In the film, Jamie (played by Alan Rickman) comes back to help Nina (played by Juliet Stephenson) get over the fact he’s died and help her move on without him.

I watched Nina sobbing to her counsellor – tears and snot dripping down her nose. I recall looking that attractive many times in the early weeks/months after Bob died, but all I could think about when I watched is – I’m glad I didn’t have a counsellor. I’m glad no one was calling time. My friends were and still are my counsellors… Must be feeling better!

Also, Nina’s new love interest in the film is a chappy who works with people with learning disabilities….another coincidence …it was starting to feel that this film had a message after all and not simply the grief fest I anticipated with my recollections of past viewings.

At the end of the film Jamie stands at the window and watches, tearfully as Nina goes off with her new chap. Starting her new life. She was ready and now he could leave. All the ghosts cheered! Jamie had come back, brought all his ghost friends with him, turned up the heating…irritated her to the point where he was getting really annoying. She loved and missed him but eventually realised he was dead and life goes on. A brutal synopsis possibly but kind of the gist of it.

I’ve never been spiritual and I don’t think for one minute Bob’s been looking down and watching me. If there actually is some kind of spirit moving on shit, I hope he did it straight away. I personally can’t think of anything worse than watching your loved ones in pain and not being being able to do anything about it. I did feel somewhat envious though at the thought of full on visits – I’ve willed Bob to come back over the last year. I’ve gone to sleep desperate to dream about him, but so far only managed it twice …both times were matter of fact, him just kind of being there, in the background, just being himself.  Disappointing, because I wanted a message, something more profound and at the very least I wanted him to be the main feature!

All I can say is it’s helped in the grieving process. There’s no new chap for me! I’m not quite that ready for that yet but, it’s helped me think about moving on. Not away from everything we had. That will always be there. I’ll always miss him. I’ll always wish he was still here…but the fact is he isn’t, I still am and life has to carry on! That’s me getting tough with myself by the way! – And because I know it’s what he would want me to do.

After watching the film I made some decisions.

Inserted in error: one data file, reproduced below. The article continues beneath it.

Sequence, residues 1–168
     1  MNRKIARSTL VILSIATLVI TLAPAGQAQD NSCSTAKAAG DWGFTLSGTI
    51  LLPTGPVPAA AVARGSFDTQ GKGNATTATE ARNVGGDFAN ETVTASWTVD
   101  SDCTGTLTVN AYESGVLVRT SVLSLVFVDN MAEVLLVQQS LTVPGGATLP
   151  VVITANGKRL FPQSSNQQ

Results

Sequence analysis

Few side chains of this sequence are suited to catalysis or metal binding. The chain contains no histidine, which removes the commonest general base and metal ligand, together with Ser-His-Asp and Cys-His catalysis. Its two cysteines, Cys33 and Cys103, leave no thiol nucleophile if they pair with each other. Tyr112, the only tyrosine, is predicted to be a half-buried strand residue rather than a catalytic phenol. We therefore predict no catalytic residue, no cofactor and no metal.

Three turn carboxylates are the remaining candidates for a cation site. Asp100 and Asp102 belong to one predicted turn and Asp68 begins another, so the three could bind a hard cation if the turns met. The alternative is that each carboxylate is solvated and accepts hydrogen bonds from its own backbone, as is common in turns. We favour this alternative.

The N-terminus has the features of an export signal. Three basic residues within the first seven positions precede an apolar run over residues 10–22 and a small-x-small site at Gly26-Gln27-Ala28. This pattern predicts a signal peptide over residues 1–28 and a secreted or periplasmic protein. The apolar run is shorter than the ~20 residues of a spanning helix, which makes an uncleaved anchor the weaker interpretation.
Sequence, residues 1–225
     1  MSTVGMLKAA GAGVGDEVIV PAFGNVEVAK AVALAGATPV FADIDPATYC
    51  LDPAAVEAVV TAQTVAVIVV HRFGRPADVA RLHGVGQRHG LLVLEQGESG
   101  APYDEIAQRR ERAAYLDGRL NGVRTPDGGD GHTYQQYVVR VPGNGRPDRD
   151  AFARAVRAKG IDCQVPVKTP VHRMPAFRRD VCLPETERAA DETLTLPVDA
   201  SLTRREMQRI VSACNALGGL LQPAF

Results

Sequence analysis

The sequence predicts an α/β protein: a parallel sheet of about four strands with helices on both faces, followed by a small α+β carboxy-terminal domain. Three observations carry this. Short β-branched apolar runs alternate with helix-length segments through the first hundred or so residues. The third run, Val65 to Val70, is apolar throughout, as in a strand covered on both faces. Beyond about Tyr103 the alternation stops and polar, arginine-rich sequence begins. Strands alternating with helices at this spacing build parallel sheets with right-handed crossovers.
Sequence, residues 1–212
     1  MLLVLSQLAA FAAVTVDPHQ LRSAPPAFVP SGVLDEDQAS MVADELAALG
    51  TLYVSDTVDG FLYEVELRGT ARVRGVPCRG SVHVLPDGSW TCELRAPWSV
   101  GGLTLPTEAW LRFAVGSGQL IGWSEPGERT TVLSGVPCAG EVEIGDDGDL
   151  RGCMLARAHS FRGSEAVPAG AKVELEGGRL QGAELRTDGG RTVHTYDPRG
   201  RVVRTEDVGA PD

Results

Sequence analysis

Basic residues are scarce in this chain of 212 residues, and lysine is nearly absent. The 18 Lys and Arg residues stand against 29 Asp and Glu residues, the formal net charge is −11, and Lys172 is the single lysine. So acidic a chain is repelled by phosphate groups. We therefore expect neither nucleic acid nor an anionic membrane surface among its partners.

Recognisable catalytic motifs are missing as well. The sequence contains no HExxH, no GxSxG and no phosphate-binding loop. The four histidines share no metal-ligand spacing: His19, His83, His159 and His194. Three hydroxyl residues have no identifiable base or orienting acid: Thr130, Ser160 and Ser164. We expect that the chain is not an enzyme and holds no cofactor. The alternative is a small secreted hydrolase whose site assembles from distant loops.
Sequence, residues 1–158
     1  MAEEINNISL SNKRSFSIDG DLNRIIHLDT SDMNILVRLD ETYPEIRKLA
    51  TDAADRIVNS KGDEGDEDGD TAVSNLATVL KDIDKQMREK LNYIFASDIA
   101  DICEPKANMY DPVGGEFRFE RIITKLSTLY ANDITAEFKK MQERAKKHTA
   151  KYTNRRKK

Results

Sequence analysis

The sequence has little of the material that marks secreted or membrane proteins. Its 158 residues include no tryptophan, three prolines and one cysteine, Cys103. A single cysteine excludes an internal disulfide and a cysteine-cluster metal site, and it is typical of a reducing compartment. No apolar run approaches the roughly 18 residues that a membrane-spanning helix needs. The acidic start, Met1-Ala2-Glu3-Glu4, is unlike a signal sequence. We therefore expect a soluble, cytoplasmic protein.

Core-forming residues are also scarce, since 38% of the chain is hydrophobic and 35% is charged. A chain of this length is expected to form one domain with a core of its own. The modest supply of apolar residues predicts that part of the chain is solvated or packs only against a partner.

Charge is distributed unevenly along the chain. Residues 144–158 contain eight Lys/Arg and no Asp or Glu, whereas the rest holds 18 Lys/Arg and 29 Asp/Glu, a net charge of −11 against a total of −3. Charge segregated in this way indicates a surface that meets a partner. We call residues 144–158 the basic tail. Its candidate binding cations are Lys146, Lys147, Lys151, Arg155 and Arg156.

I decided I was going to sell the house. Not only sell the house but move out of the village too. I’ve decided I want to live in Town. I think I’ve probably always been a towny at heart. I decided I should live somewhere smaller and more manageable (financially and practically) …..it’s a BIG DECISION FOR ME! 

I’ve had estate agents round to value the house. Had the advised three different valuations from different estate agents and I opted for the one in the middle – watched enough TV programmes on this stuff over the years to at least pick up some tips.

A big test for me is that usually when I’ve, cleaned, tided and decorated – I fall in love with it all over again and don’t want to leave, but this time I didn’t feel like that. – good sign I think!”

 The ‘For Sale’ board went up just over two weeks ago.

FOR SALE

The photos are done and online and I’ve had 4 viewings in the last two weeks and another one booked.

When the board went up the girls were both here. Ollie posted a picture of the board and commented on how emotional it was and what a great place to live this had been… what great parties we’ve had here and what happy memories – If only you could sell house on happy memories we’d have people queuing to buy it.

It’s going to be very tough leaving my home of 21 years. The home I brought my kids up in and where we all lived as a family. A place with so many happy memories. The only family home my children remember living in. A house and a village I love – a place I feel completely comfortable in.

But, it’s also the place where Bob died. It has particular memories I don’t want to have any more and struggle to erase…. and yet it’s conflicting emotionally because it’s a place still full of his DNA  – leaving it will feel a bit like I’m leaving him. I’m telling myself it’s only bricks and mortar but so much emotion is invested in the bricks and mortar of this house.

I’m pretty scared too actually, so much to do and on all on my own. I’ve never bought or sold a house before (I kind of left that to Bobby in the past!) I’m pretty scared of leaving and starting again somewhere new. It’s a big step and a massive challenge.

I’ve heard all the other cliches too,  like…’home is where the heart is’  but the reality is my heart isn’t here anymore. Life just isn’t the same here without Bob. And, although I’ve loved it all, (truly, madly, deeply I have) I think it’s time for me to start the next chapter of my life somewhere new.

Tough one, but it has to be done I think…and I think I’m ready

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“Sometimes you get angels” – what a good support worker looks like

Many years ago a friend of mine said “Sometimes you get angels”. She was referring to those people who come into your life and support your kids. People who just get it – people who go the extra mile. Sara blogged about the Charlies Angels, who have gone above and beyond the call of duty with Connor – before and since his death quite a few times now. Really special people who make a massive difference. We too have been lucky to have quite a few of those supporting G over the years . Learning support assistants and teachers at both schools. The odd social worker and staff at respite/short breaks to name but a few.